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BACKWATERIvy doesn't want to be a lawyer. Who cares?-well, her father, for starters, who expects his daughter to take up the Breedlove family profession with dedication and enthusiasm. What Ivy wants to be is a historian, a vocation that's getting quite a workout as she prepares a family history in honor of her beloved great-aunt Tib's eightieth birthday. As in Bauer's Rules of the Road, the central story is of a journey: Ivy hikes into the wilds of the Adirondacks to find her reclusive aunt Jo-and to find her own destiny as well. Persistent, mouthy, and good, Ivy is an admirable heroine who will be familiar to Bauer fans; older female friends (including Tib, Aunt Jo, and wilderness expert Mountain Mama) are equally attractive if given to message-laden dialogue. In fact, the book could have used less preaching and more story overall, but Ivy is such a darned fine gal that readers will be glad to make her acquaintance. ABOUT JOAN BAUERJoan Bauer was born in River Forest, Illinois, the eldest of three sisters. Her mother was a schoolteacher with a great comic sense; her father, a salesman that no one could say no to. Her maternal grandmother had been a famous storyteller and had a striking effect on Bauer's early years. "She would tell me stories with five different voices and as many dialects. I would sit on her enormous lap transfixed at how she could teach me about life and make me laugh through her stories. She taught me the significance of humor and how it intersects our daily lives."Bauer managed an eclectic list of jobs from assistant typing teacher at age twelve to high school waitress. In her early twenties, she was a successful advertising and marketing salesperson. Professional writing for magazines and newspapers followed, then screenwriting, which was cut short by a serious car accident. She regrouped and wroteSquashed, which won the Delacorte Prize for a First Young Adult Novel. Five novels for young adult readers have followed:Thwonk, Sticks, Rules of the Road, Backwater and Hope was Here (Newbery Honor Medal).Joan lives in Darien, CT with her husband and daughter.Praise"Ivy Breedlove is another strong and quirky heroine who addresses serious issues head on."—The New York Times Book Review"A fast and funny tale of one big-boned (and big-hearted) gal's summer of discovery on the road."—The Los Angeles Times Book Review Recommended Reading and SitesIf you enjoyed the works of Joan Bauer, we have some other titles to suggest. In some cases, the recommended books contain good humor, sometimes the related books feature young men facing obstacles in their lives. Finally, some of these books feature heroic females as main characters.Books to Make You Laugh:KEEPING THE MOON by Sarah DessenViking Children's BooksHC: 0-670-88549-5, $15.99 ($22.99 CAN)PB: 0-14-131007-3, $5.99 ($8.99 CAN)GYPSY RIZKA by Lloyd AlexanderDutton Children's BooksHC: 0-525-46121-3, $16.99 ($26.99 CAN)PB: 0-14-130980-6, $4.99 ($6.00 CAN)Where the Boys Are:OVER THE WALL by John H. RitterPhilomel BooksHC: 0-399-23489-6, $17.99 ($25.99 CAN)BOLTZMON! by William SleatorDutton Children's BooksHC: 0-525-46131-0, $15.99 ($24.99 CAN)Strong Women:THE OTHER ONES by Jean ThesmanViking Children's BooksHC: 0-670-88594-0, $15.99 ($22.99 CAN)CHRISTMAS IN HEAVEN by Carol Lynch WilliamsG. P. Putnam's SonsHC: 0-399-23449-7, $16.99 ($23.99 CAN)DESTINY by Vicki GroveG. P. Putnam's SonsHC: 0-399-23449-7, $16.99 ($23.99 CAN)THE GIRLS by Amy Goldman KossDial Books for Young ReadersHC: 0-8037-2494-2, $16.99 ($25.99 CAN)Internet Sites of Interest:Joan Bauer websitewww.joanbauer.comThe official website of the author.Virginia Tech Digital Libraryhttp://borg.lib.vt.edu/ejournals/ALAN/winter96/bauer.htmHere is an article written by Joan Bauer on writing books with humor entitled "Humor, Seriously."New York State Librarywww.nysl.nysed.govThis will link you to the New York State Library, where you can discover lots of interesting information about the Adirondack Mountains, site of much of the novel, Backwater.Wisonsin Directory of Attractionswww.wistravel.comLots of details about Wisconsin, the setting of Hope Was Here.Finally, type in the word "shoes" into a search engine and see where the road leads you! Rules of the Road is about finding your own way, after all. AN INTERVIEW WITH JOAN BAUERWhy is humor so vital to your writing?Because humor is so vital in my life. When I utilize humor in my writing, I'm connecting to a deep place in myself that says, "no matter how bad things get, there is hope." I believe that with all of my heart. That's what I love about humor—at least the kind that makes us look at life's difficulties differently—laughing in the midst of pain says to me that we are already on the road moving away from it. We're going to make it. I'd like to think that readers connect to that sentiment, too. We need to laugh for so many reasons. It brings perspective; it brings healing; it builds relationships; it brings release. People have asked me if I would ever write a "totally serious book." I have to say that I do write totally serious books that use laughter against the storm of life.Your novels do deal with serious subjects. How hard is it to walk the fine line between laughter and tragedy?It's brutal sometimes. I agonize over words, motives. I do not want anyone to think I am making fun of alcoholism, Alzheimer's disease, death, divorce, being overweight. But here's the thing: my first drafts are rarely funny and I am grimly sober while writing them. But I am getting down to the serious underpinnings of the story. Then I do look and see where the funny voice can break through. I see where comic relief can cushion a hard scene. I ask myself constantly, where can the humor break forth here and make a point?How are you like Hope?I'm hopeful like she is, and I've had to fight to stay that way. It isn't my natural state. I work at hopefulness. I don't expect life to be easy. Like her, I am an over-comer. I had a deep need as a teen to have a healthy father—mine was an alcoholic. I was a waitress as a teen and a good one. I love food; it is a passion for me. I have also had to work on my anger over the years. Hope and I are very alike.But here is where we are different. I never moved from place to place. I lived with my mom, grandmother, and two sisters in the same house. Hope has a good sense of herself, what she is good at and what she's not. I didn't have that much when I was a teenager.She is more patient than I and better able to absorb the quirkiness of people around her. One of the things I like bear about her is the fact she has great faith that her father is going to find her and she keeps these scrapbooks for him so that when he finally shows up she'll be ready to tell him about her life. I would have never done that.What is a typical day at the "office" like for you?I try to clear my mind for the work ahead. I try to remember what Ernest Hemingway said about writing: Stop for the day when you've written something you feel good about. That makes it easier to get back to it the next morning. I don't wait for inspiration; I just go to work. More and more I read things out loud to check for authenticity of voice. I did that a great deal forHope was Here. One of the big words in my life is "revision." It's kind of like labor and delivery. The baby is coming out and you don't have a lot to say about it. DISCUSSION QUESTIONSTitles always hold special significance to the story. For example, how does the title Hope Was Here focus your attention as a reader? Other than the literal reference, what else does the title suggest about the book? Does it tell you the truth? What about the titles of Backwater and Rules of the Road? How does each indicate the literal and symbolic natures of the stories? Hope's name is pivotal to the development of her character and to the development of the story. How do the various definitions of the word "hope" add to the story? See, for example, the reference made on page 22. There are other important symbols in this story. What roles do each of the following play in terms of developing character, advancing the plot, or serving as foreshadowing? Are there other symbols essential to the story? If so, what are they?· Day lily (page 85)· Welcome stairways (page 14)In each of Bauer's works, it is important to the main character that she provide some sense of comfort to the people she encounters. For Jenna in Rules of the Road, comfort comes in the form of the perfect show for each customer. How does Hope provide that measure of comfort? What does this tell you about her character? How about Ivy Breedlove in Backwater? Fathers are a central concern to the characters in Hope Was Here, Backwater, and Rules of the Road. Discuss the similarities and differences among the fathers of Hope, Ivy, and Jenna. Ultimately, all characters leave their mark on us as readers. How does Hope leave her mark literally and figuratively? How do Ivy and Jenna leave their marks? Why is humor such an essential ingredient in each of Joan Bauer's books? How would the stories change if they were somehow more "serious" in tone? How would your response to the story be affected? Occasionally, we are swayed to purchase a book because the title is intriguing, Bauer used the title Welcome Stairways as she wrote Hope Was Here. The title changed after the story was completed. What reaction do you have to the working title? Might the working title affect your reaction to the book? What alternative titles might you suggest forRules of the Road and Backwater?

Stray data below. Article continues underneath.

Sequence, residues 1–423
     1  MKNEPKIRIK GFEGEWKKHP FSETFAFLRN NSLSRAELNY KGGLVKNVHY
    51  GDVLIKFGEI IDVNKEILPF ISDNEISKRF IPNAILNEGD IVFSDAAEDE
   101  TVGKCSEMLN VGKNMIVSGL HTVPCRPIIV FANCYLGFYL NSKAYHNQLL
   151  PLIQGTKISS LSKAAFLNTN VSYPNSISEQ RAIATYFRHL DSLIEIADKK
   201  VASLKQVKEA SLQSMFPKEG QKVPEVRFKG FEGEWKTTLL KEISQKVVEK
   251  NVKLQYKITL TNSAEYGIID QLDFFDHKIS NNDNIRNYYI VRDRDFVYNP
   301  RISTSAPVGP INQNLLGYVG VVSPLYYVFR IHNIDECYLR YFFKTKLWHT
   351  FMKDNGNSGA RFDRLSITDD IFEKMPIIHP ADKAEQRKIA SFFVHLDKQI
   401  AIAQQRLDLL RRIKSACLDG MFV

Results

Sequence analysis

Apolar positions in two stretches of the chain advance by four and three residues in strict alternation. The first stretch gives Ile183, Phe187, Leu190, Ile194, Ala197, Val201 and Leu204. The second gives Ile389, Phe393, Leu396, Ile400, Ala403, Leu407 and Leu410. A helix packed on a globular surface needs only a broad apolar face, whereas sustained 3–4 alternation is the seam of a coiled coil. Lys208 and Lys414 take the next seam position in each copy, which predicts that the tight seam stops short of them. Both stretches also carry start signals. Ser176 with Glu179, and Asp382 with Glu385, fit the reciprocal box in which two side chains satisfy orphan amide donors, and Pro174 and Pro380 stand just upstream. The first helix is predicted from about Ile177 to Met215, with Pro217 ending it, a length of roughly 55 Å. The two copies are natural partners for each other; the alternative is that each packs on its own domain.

Editorial Reviews

Praise for Backwater..."Bauer's characters crackle with eccentricity and exhibit glimmers of intense emotion."--Publishers WeeklyPraise for Almost Home by Joan Bauer"Sugar's voice is convincing, both as storyteller and young writer; her natural good humor shines through what could be a sad story indeed. Quirky supporting characters—both human and dog—add to its appeal. Sugar...will win readers hearts." —Kirkus, starred review"Sure to inspire..." —Library Media Connection, starred review